High Performance Home Green Building Council
High Performance Home Green Building Council:
The High Performance Home Green Building Council and its five sub-committees are open to all HBAGC members and prospective members. The HPHGBC meets on a monthly basis, with all meetings posted on the HBAGC calendar. If you are interested in learning more about the newest "green" techniques, technology and initiatives are encouraged to become active in this Council.
- Co-Chair Ed Hoffman, Castlewood Builders
- Co-Chair Pat Coveny, Arch Construction
- NAHB Green Building Program Implementation Sub-Committee Chair Bill Seeger, Ecohabitat, LLC
- Marketing & Communications Sub-Committee Chair Patrick Coveny, Arch Construction Management, Inc
- Governmental & Lending Incentives Sub-Committee Chair Sholeh Saedi, Bank of America
- Education Sub-Committee Chair Bill Styczymski, Styczymski Walken & Associates
- HBAGC Green Building Council By-Laws Sub-Committee Co-Chairs Bill Styczymski, Styczymski Walken & Associates and Tom Stephani, CCC, Inc
What is Green Building?
A sustainable building, or green building is an outcome of a design which focuses on increasing the efficiency of resource use — energy, water, and materials — while reducing building impacts on human health and the environment during the building's lifecycle, through better siting, design, construction, operation, maintenance, and removal.
Green buildings are designed to reduce the overall impact of the built environment on human health and the natural environment by:
- Efficiently using energy, water, and other resources
- Protecting occupant health and improving employee productivity
- Reducing waste, pollution and environmental degradation
The related concepts of sustainable development and sustainability are integral to green building. Effective green building can lead to 1) reduced operating costs by increasing productivity and using less energy and water, 2) improved public and occupant health due to improved indoor air quality, and 3) reduced environmental impacts by, for example, lessening storm water runoff and the heat island effect. Practitioners of green building often seek to achieve not only ecological but aesthetic harmony between a structure and its surrounding natural and built environment, although the appearance and style of sustainable buildings is not necessarily distinguishable from their less sustainable counterparts.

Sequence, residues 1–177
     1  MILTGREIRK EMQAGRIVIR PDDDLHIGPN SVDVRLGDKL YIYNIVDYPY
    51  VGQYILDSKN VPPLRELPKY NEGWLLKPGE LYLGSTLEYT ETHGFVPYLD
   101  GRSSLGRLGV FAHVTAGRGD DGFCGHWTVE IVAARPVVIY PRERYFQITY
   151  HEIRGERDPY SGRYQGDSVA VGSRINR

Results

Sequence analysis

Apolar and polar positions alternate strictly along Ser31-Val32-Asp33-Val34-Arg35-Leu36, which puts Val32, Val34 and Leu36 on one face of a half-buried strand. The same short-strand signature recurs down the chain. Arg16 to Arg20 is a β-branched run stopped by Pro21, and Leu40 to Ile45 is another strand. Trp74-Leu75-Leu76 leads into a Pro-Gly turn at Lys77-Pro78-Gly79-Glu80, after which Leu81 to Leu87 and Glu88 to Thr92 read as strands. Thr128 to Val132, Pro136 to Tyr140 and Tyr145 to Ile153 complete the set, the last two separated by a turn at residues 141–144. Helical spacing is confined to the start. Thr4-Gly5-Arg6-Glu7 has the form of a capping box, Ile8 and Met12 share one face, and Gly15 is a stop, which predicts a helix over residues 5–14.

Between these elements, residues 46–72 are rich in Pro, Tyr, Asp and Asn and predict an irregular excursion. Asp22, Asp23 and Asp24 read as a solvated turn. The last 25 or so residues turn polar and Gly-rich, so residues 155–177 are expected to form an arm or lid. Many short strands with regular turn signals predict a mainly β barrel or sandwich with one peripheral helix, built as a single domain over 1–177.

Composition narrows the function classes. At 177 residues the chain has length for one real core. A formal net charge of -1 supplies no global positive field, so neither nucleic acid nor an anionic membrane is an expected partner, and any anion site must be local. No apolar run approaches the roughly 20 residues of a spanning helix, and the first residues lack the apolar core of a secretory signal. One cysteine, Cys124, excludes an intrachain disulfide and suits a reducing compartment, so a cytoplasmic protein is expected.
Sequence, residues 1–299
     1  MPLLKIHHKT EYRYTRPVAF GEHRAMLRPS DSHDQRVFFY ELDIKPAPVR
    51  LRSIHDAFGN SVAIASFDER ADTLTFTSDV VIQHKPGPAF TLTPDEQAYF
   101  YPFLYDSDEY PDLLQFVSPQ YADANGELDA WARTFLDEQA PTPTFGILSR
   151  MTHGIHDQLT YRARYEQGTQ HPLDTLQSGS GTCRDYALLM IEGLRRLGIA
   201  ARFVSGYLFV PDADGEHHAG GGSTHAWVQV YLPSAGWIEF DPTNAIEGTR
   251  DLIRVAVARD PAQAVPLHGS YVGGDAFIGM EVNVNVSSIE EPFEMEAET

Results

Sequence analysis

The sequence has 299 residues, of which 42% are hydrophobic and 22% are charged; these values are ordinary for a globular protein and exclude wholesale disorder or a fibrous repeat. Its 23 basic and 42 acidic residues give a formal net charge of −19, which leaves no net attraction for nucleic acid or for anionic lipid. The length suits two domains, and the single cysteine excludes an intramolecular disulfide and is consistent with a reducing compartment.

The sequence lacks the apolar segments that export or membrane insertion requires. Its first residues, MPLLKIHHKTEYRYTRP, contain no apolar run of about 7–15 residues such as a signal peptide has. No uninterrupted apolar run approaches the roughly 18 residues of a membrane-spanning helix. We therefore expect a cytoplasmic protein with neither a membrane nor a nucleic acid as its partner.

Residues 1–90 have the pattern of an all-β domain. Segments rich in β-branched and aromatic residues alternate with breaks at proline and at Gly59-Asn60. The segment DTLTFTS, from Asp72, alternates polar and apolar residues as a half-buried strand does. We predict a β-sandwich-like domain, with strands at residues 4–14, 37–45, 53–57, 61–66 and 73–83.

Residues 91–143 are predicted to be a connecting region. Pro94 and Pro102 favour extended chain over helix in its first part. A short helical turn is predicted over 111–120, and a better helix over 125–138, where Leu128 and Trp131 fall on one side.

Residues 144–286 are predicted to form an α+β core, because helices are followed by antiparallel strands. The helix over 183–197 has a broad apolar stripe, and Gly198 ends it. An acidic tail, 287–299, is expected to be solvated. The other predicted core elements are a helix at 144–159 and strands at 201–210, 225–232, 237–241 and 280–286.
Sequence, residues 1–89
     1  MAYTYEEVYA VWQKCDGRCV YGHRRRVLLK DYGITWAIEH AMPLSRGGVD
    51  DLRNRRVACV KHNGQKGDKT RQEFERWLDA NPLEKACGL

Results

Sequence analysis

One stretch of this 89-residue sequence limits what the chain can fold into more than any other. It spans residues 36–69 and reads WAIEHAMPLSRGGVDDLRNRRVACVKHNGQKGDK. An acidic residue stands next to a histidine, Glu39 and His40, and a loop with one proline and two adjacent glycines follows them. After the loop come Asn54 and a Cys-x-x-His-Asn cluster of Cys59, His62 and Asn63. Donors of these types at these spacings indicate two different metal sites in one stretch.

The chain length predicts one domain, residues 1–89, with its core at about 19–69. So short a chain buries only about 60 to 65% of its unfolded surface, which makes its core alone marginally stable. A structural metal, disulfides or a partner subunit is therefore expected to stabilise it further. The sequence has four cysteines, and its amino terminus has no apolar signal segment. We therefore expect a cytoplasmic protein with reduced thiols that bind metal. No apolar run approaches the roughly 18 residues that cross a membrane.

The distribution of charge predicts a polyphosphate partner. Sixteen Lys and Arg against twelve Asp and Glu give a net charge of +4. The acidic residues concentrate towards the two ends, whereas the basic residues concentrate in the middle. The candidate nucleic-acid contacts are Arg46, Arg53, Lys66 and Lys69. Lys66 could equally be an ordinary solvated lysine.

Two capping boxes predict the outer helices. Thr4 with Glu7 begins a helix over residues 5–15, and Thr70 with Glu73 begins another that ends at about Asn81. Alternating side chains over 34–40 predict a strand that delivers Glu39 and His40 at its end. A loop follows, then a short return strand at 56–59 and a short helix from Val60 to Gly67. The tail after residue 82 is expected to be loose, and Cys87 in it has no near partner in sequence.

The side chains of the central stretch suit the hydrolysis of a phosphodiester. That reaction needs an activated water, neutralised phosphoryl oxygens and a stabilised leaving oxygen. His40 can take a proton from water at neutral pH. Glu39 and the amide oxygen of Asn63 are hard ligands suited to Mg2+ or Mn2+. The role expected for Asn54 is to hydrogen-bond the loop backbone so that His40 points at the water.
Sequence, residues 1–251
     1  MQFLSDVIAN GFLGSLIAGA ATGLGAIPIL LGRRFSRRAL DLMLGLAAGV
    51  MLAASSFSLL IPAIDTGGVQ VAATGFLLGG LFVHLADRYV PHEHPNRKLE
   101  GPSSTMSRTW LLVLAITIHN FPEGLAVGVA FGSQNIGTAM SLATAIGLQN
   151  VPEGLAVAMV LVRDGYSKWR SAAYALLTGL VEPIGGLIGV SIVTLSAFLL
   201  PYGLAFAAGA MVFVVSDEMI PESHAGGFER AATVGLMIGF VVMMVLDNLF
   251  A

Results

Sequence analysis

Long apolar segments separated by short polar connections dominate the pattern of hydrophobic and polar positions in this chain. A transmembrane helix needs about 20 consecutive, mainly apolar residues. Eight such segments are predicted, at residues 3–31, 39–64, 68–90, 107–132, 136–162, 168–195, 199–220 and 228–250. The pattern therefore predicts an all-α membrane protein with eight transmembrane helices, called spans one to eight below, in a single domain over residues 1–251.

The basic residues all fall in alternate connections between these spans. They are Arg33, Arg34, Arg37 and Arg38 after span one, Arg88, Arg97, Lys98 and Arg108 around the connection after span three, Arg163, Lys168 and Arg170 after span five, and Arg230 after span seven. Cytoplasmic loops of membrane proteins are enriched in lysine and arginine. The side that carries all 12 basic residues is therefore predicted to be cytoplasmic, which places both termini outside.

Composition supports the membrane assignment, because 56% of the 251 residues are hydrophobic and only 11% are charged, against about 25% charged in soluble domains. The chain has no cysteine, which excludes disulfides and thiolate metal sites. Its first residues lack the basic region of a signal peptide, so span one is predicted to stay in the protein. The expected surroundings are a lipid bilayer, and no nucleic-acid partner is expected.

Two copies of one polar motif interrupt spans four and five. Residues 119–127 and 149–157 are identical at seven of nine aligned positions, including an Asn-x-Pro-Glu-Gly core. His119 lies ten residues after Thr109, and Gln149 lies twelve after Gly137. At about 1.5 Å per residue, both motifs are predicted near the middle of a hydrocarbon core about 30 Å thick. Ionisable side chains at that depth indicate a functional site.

Why Build Green?
1.) Energy Savings.
Because of increased water and energy efficiency, you have the potential of saving thousands of dollars over the life of your home.
2.) Indoor Air Quality.
Green homes feature superior indoor air quality, which improves their overall livability. Green builders reduce pollutants and improve ventilation so your family can breathe easier.
3.) Peace of Mind.
Green homes are built with the environment in mind. From energy and water efficiency, to reduced construction waste and the use of renewable materials, you can take pride in the fact that your home has less negative impact on the environment.
Fact of Fiction?
Green building is complicated.
The term "Green building" is somewhat ambiguous, and applies to various levels of conservation design planning, energy efficiency and material use. Some people go to great lengths to build green by generating their own renewable power. Others build green by installing extra insulation or energy efficient appliances. Choose the level that works for you, and enjoy the satisfaction that comes from knowing that the changes you made are good for your customers, your business and the environment. Build as Green as your customers are willing to pay for. Need consumer demand.
Green building is expensive.
Many green building techniques can be applied at little or no additional cost. Plus, when operational costs, such as heating, cooling and water use are factored in, green buildings often provide home buyers with a savings over time. It is important that home buyers understand the potential long-term savings associated with many green building techniques, as this can be a selling point for your homes. Thanks to the green building movement, structures built today are typically twice as energy efficient as those built 30 years ago. Dishwashers use 40 percent less water, the amount of energy needed to run a washing machine has dropped 45 percent, and toilets use 1.6 gallons of water per flush compared to four in the 1970s.